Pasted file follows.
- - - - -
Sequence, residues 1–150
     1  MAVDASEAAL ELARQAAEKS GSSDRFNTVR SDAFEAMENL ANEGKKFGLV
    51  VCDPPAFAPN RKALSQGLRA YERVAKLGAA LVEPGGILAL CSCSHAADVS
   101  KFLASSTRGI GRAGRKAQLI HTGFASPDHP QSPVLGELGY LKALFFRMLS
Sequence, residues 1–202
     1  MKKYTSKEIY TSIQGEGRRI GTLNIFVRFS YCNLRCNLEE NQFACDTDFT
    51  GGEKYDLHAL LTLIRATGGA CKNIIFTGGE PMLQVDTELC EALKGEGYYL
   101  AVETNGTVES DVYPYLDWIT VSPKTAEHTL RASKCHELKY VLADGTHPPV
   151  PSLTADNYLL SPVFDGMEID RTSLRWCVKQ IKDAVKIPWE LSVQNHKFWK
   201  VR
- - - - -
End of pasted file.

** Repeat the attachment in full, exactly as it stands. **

Sequence, residues 1–150
     1  MAVDASEAAL ELARQAAEKS GSSDRFNTVR SDAFEAMENL ANEGKKFGLV
    51  VCDPPAFAPN RKALSQGLRA YERVAKLGAA LVEPGGILAL CSCSHAADVS
   101  KFLASSTRGI GRAGRKAQLI HTGFASPDHP QSPVLGELGY LKALFFRMLS
Sequence, residues 1–202
     1  MKKYTSKEIY TSIQGEGRRI GTLNIFVRFS YCNLRCNLEE NQFACDTDFT
    51  GGEKYDLHAL LTLIRATGGA CKNIIFTGGE PMLQVDTELC EALKGEGYYL
   101  AVETNGTVES DVYPYLDWIT VSPKTAEHTL RASKCHELKY VLADGTHPPV
   151  PSLTADNYLL SPVFDGMEID RTSLRWCVKQ IKDAVKIPWE LSVQNHKFWK
   201  VR